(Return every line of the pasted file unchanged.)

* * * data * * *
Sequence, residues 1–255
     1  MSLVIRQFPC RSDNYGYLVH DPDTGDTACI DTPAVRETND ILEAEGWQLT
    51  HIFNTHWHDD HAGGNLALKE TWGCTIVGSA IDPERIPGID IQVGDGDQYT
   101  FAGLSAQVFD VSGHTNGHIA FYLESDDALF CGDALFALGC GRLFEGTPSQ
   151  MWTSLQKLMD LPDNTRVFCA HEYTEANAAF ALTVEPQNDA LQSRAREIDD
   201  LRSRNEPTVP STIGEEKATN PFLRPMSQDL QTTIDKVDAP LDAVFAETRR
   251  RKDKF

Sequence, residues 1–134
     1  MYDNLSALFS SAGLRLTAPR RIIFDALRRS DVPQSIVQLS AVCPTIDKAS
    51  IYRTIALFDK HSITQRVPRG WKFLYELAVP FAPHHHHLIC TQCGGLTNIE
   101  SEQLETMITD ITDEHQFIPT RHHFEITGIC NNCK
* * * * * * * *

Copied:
Sequence, residues 1–255
     1  MSLVIRQFPC RSDNYGYLVH DPDTGDTACI DTPAVRETND ILEAEGWQLT
    51  HIFNTHWHDD HAGGNLALKE TWGCTIVGSA IDPERIPGID IQVGDGDQYT
   101  FAGLSAQVFD VSGHTNGHIA FYLESDDALF CGDALFALGC GRLFEGTPSQ
   151  MWTSLQKLMD LPDNTRVFCA HEYTEANAAF ALTVEPQNDA LQSRAREIDD
   201  LRSRNEPTVP STIGEEKATN PFLRPMSQDL QTTIDKVDAP LDAVFAETRR
   251  RKDKF

Sequence, residues 1–134
     1  MYDNLSALFS SAGLRLTAPR RIIFDALRRS DVPQSIVQLS AVCPTIDKAS
    51  IYRTIALFDK HSITQRVPRG WKFLYELAVP FAPHHHHLIC TQCGGLTNIE
   101  SEQLETMITD ITDEHQFIPT RHHFEITGIC NNCK